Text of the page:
100% orange juice is a nutrient-dense beverage that tastes delicious. The best way to enjoy the amazing taste and health benefits in 100% orange juice is by drinking it in the recommended daily amounts. The standard serving size for 100% orange juice and all 100% fruit juices (as listed on the Nutrition Facts Panel) is 8 fluid ounces. For children, experts recommend no more than 4-6 ounces of 100% fruit juice per day for younger children (age 2 to 6 years) and no more than 8 ounces of 100% fruit juice for older children.1100% orange juice can help meet fruit intake recommendations while providing an entire daily recommended dose of vitamin C and significant amounts of other essential nutrients. That’s a powerful package of nutrition from a glass of 100% orange juice.
Lead a healthy lifestyle by starting your day off right with a glass of Florida Orange Juice. With its nutritional benefits, you can provide your body with important nutrients, such as vitamin C, potassium, folate and thiamin, and additionally calcium and vitamin D in fortified juices, while on-the-go!
Experts recommend 4-6 ounces of 100% fruit juice per day for kids 1-6 years of age and 8 ounces for adults and kids 7 years and older.1
Detailed Nutrition Information
Drinking 100% orange juice can be a way to help achieve the recommended amount of fruit needed each day for optimal health. For example, the average person should consume 1 ½ to 2 cups of fruit each day2. An 8-ounce glass of 100% OJ counts as 1 cup of fruit. It can be difficult to estimate portion sizes – 8 oz (1 cup) is about the size of a medium-sized fist.
In addition to its great taste, 100% orange juice contributes important and beneficial vitamins, minerals and bioactive plant compounds to your diet, and never contains added sugar. Orange juice has more nutrients per ounce than most commonly-consumed fruit juices3. A glass of 100% orange juice contains vitamin C, vitamin B6, thiamin, riboflavin, folate, and potassium. Find a full list of nutrients in orange juice here. 100% orange juice is also hydrating, containing 90% water and key electrolytes (including potassium and magnesium) which can help aid in fluid balance.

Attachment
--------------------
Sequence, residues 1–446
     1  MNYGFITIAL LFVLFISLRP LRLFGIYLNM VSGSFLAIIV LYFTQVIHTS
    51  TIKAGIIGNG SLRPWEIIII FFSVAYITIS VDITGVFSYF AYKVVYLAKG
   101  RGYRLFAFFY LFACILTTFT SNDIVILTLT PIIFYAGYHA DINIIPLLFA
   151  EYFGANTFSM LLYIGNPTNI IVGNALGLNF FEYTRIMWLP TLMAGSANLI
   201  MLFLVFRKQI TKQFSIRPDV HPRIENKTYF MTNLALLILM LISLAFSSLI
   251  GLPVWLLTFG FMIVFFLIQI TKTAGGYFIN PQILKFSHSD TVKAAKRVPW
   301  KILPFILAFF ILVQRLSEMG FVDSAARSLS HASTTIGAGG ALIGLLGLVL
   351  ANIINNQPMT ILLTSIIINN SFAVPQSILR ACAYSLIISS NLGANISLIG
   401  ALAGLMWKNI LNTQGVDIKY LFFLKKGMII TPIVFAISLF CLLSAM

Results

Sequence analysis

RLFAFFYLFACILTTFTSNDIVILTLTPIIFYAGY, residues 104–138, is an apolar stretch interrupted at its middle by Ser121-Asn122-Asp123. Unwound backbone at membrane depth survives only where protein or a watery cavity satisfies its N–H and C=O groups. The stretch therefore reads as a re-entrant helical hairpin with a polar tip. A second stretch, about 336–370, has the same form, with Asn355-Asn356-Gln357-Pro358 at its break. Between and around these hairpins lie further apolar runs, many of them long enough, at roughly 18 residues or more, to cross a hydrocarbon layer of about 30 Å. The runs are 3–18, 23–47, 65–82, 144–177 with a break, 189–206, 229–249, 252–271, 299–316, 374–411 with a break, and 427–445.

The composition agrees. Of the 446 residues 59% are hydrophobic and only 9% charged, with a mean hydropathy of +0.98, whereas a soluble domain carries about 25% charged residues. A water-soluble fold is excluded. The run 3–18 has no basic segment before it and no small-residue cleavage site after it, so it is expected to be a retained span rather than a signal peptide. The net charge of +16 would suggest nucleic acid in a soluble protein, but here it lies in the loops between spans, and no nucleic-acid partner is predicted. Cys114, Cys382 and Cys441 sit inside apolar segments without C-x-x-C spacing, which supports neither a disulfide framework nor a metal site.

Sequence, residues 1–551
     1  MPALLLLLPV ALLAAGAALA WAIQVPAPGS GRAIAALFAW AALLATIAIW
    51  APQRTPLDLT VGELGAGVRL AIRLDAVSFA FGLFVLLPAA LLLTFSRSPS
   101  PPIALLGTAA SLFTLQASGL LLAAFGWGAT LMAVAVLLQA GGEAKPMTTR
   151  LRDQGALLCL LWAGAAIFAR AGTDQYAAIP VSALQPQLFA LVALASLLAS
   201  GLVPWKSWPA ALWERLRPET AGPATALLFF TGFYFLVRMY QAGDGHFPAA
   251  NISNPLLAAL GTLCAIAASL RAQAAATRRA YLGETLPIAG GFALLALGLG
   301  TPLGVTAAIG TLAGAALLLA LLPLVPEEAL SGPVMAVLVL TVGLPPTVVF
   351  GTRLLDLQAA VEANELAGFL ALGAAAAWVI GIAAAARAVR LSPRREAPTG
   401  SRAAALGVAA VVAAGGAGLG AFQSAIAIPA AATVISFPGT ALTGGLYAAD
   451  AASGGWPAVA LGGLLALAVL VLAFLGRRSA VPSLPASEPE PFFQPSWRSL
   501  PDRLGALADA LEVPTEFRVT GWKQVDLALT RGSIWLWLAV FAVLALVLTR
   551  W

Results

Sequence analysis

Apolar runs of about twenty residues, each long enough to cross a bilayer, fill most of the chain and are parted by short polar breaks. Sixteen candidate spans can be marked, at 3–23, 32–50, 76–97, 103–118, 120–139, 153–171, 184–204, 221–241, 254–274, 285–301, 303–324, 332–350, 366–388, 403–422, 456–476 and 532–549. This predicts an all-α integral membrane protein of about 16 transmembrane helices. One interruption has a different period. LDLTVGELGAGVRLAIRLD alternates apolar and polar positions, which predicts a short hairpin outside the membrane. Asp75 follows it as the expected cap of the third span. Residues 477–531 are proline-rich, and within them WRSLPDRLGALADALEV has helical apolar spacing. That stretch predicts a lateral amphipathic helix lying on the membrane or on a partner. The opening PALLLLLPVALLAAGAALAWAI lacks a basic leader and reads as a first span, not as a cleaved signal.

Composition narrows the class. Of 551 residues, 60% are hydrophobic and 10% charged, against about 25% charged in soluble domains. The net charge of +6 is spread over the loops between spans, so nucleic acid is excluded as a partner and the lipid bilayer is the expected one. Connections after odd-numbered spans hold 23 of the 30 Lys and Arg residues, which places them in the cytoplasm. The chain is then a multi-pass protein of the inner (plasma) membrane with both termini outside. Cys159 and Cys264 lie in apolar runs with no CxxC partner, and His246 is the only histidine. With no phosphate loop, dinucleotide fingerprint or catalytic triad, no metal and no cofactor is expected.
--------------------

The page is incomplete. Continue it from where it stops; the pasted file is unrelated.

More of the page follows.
Orange juice and other citrus juices have more nutrients per ounce compared to commonly-consumed fruit juices.3 Citrus juices and other 100% fruit juices are considered nutrient dense beverages with a high nutrient density-to-cost ratio that can be recommended as part of a healthy diet.11-15
The Dietary Guidelines for Americans suggests that the primary beverages to be included as part of a healthy diet should be calorie free – especially water – or contribute beneficial nutrients, such as fat-free and low-fat milk and 100% fruit juice2. Studies report that children who consume 100% orange juice are no more likely to be overweight or obese compared to those who do not consume orange juice4-6. Observational data also has shown adults who consume 100% orange juice tend to have significantly lower body mass index (BMI), waist circumference, or body fat when compared to those who don’t drink orange juice.6-10
Make sure to add Florida Orange Juice to your day in appropriate quantities to reap the benefits of all those nutrients while keeping calories in check!
- Heyman et al. Pediatrics. 2017;139(6):e20170967.
- USDA/DHHS. 2020-2025 Dietary Guidelines for Americans.
- Rampersaud. J Food Sci. 2007;72(4):S261-S266.
- Nicklas et al. International Journal of Child Health and Nutrition. 2020;9(3):100-114.
- Sakaki et al. Public Health Nutr. 2021;24(14):4482-4489.
- Maillot et al. Front Nutr. 2020 May 13;7:63.
- Wang et al. Pub Health Nutr. 2012;15(12):2220-2227.
- O’Neil et al. Nutr J. 2012;11:107.
- O’Neil et al. Global Journal of Food Sciences and Nutrition. 2021;4(1) GJFSN:115.
- Nicklas et al. Acta Scientific Nutritional Health. 2021;5(1):23-44.
- Mozaffarian et al. Nat Food. 2021;2:809–818.
- Drewnowski and Burton-Freeman. Food Funct. 2020;11(1):123-130.
- Drewnowski and Richonnet. Front Nutr. 2020;7:15.
- Drewnowski et al. Nutrients. 2021;13(5):1734.
- Starck et al. Int J Environ Res Public Health. 2021;18(15):7950.